Not outright violence, yea, if by that we mean bloodshed, but each is a curious moment of disciplining—each a situation in which your research interests are not misunderstood but actively contested and delegitimized.
The arm wrestling of that job interview never really went away.
So when it comes to making the shift from religion to “religion”—to being interested in the possible motives or effects of using that organizational term in either this or that manner—it’s still pretty controversial work. And that I’ve persisted in this interest makes me a little controversial as well—for example, apart from being told I’m in a rut—could you imagine saying the same to anyone who spends twenty or more years studying, say, religion in America?!—it has gained for me the reputation that I’m out to kill religious studies departments or the field as a whole. In the early years I always thought it was an association that had something to do with my friendship with the late Gary Lease, who played a central role in the demise of the program at Santa Cruz (for more, see his essay in the special issue of MTSR that he guest edited (7/4 ). But since I’ve been working in a Department that has so successfully reinvented itself since 2001 (e.g., we’ve more than doubled the size of our tenure/tenure-track faculty [now at 10] and, given the success so far of our proposal, we hope to begin offering a rather novel MA in the Fall of 2017) it still puzzles me that this impression persists. (Just how much of my work has such a person actually read, I often ask myself.) In fact, people who get jobs working here are routinely quizzed, or so they tell me, by friends who want to know what it’s like working with someone who’s trying to eliminate the field; perhaps it’s because we’ve succeeded by being a different sort of department, and thus the fear these queries signify is for the future of the study of religion practiced as what at least Don Wiebe would simply term a crypto-theological endeavor.
But critiquing that pursuit hardly prevents us from redescribing the field.
So I find that in the midst of conversations with colleagues, there’s a lot of background noise, baggage, or whatever you wish to call it, that impedes a quick description of what it is that I actually study. Defying the boxes into which we usually place ourselves comes, at minimum, with the price of raised eyebrows—it really would be so much easier if I could just say that I study Buddhist rituals or Native American origins stories. But even for those who seem to think they get it, they often assume it’s just the word that we study, as if things have natural lives without words to name them. (Wasn’t that Wilfred Cantwell Smith’s point in asserting that faith predated the so-called cumulative tradition?) “Surely people were religious even if they didn’t have the word religion, no?” It’s a remarkably Platonic approach, if you think about it, one that many would see as sadly outdated if applied to other topics, but this essentialist viewpoint still reigns in our field. “Sure there’s no functional equivalent to ‘religion’ in this or that language,” someone might admit, “but of course those people were religious. They believed in gods, didn’t they?” But what if by words we instead meant the terminological iceberg tips of socio-semantic frameworks that enable us not just to identify something but, as part of that process, to distinguish this from that and then to rank that over this? For then to say that one studies the word religion says far more than some tend to think when they first hear it. Now we study not the term religion, as if it is separate from some pan-human quality, but, rather, we examine the very fact that we (and, yes, sometimes it is all about us) come to know others, and thus ourselves, by applying this word in discrete situations, as if it names something deep in the human heart (or brain, maybe genes). Perhaps it’s a little too grandiose to phrase it this way, but now the study of “religion” is but one way into the study of signification itself, linking us closely to such other cutting-edge fields as semiotics and identity studies.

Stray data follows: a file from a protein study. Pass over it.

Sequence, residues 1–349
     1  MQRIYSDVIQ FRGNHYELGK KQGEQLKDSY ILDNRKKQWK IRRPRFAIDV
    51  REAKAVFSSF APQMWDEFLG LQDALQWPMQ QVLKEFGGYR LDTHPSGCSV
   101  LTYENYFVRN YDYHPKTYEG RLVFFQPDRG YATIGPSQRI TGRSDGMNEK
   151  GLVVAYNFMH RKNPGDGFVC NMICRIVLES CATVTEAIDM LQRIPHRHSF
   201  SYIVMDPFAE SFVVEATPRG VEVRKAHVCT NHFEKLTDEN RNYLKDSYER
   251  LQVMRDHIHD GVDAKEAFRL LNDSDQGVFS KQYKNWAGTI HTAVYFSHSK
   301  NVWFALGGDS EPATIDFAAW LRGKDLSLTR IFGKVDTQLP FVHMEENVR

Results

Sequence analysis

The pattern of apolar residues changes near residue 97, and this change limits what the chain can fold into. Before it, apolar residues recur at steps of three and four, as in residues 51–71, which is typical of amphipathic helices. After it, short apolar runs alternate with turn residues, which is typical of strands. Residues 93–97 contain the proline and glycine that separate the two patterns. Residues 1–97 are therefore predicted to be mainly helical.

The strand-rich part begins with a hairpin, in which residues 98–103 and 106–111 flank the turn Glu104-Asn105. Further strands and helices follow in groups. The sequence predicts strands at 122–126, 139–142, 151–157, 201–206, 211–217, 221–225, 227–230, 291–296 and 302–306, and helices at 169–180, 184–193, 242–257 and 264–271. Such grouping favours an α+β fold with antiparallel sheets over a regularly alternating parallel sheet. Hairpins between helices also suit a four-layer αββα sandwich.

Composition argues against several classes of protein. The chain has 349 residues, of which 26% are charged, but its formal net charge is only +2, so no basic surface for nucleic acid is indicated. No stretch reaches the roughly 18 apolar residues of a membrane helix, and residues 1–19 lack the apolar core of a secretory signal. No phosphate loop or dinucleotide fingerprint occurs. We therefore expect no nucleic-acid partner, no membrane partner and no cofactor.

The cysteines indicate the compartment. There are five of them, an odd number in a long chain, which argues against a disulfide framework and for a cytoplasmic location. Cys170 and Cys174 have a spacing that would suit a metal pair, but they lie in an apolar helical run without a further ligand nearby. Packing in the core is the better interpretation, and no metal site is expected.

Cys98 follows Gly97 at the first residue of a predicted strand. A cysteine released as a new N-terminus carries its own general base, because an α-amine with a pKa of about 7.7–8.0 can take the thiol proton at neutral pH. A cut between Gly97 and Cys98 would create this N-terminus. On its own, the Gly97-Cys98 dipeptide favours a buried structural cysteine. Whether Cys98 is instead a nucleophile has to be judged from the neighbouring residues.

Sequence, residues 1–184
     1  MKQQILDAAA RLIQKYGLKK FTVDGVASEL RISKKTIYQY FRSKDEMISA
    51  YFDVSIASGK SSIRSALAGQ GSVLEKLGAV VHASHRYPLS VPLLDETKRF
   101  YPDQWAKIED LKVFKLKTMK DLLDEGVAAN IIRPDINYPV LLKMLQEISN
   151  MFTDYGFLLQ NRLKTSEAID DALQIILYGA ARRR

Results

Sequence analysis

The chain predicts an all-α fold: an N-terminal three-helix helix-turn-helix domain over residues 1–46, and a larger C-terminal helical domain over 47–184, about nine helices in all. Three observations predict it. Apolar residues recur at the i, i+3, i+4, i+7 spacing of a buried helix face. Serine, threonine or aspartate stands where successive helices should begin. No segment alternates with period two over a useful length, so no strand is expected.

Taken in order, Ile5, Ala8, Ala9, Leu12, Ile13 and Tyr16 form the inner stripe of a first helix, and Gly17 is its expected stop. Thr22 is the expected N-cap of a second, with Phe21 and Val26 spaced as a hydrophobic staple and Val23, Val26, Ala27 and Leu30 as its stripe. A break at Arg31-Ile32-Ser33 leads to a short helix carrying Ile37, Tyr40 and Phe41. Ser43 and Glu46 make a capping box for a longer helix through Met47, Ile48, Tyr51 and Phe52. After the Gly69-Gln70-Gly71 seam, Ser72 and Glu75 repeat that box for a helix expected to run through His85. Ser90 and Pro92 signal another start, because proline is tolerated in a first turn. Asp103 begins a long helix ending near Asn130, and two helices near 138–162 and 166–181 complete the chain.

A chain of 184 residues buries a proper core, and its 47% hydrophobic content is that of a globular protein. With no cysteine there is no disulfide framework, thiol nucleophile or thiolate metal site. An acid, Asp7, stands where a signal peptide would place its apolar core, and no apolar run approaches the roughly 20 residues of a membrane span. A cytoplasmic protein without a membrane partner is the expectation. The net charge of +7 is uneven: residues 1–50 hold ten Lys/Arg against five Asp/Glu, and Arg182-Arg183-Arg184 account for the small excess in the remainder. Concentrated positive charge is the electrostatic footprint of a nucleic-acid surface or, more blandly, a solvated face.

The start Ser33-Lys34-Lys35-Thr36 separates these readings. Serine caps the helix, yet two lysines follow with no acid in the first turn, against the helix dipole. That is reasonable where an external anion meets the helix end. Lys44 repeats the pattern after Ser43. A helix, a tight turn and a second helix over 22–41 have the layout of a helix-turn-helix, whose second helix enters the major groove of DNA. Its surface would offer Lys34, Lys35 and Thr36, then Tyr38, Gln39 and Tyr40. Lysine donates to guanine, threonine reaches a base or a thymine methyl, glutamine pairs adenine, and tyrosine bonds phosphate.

But that’s just not the right story for those who wish to study the sacred—either to embrace it or debunk it (the two positions that still seem to define many of the debates in the field). This third option—the very ability to signify something as sacred, as set apart, as inviolable, etc.—strikes me as a far more interesting route, ensuring that I have conversation partners all over the university, united not by our object of study but by our shared curiosities and the common tools that we use to satisfy them.
Interdisciplinarity at its best.
But sitting across from those faculty at that job interview, over 20 years ago, or reading that recent email in which I’m told I’m in a bit of a rut, are not examples of such conversations. Instead, they’re somewhat akin to the situations others in this series have recounted: of the seat mate on the long haul flight, who doesn’t quite understand what it is that we do. But the resemblance is, as I say, only somewhat, for I think that the examples I’ve cited are moments where the wrestling match has been quite evident all along, making plain that our conversation partner’s usually unimpeded ability to divide the world (and its people) up in a manner assumed to be natural, has just been curtailed somewhat, and that the very situated interests that animate their system of distinction are showing, just a bit, around the edges.
That’s why they slap back and try to spank you, misattribute things to your work or call it journalism and tell people—right in front of you sometimes—that it’s passé.
The trick is not taking it personally and turning those momentary jousts—whether on a jet or in a conference session—into fieldwork opportunities, seeing them as e.g.s that illustrate how the game is played.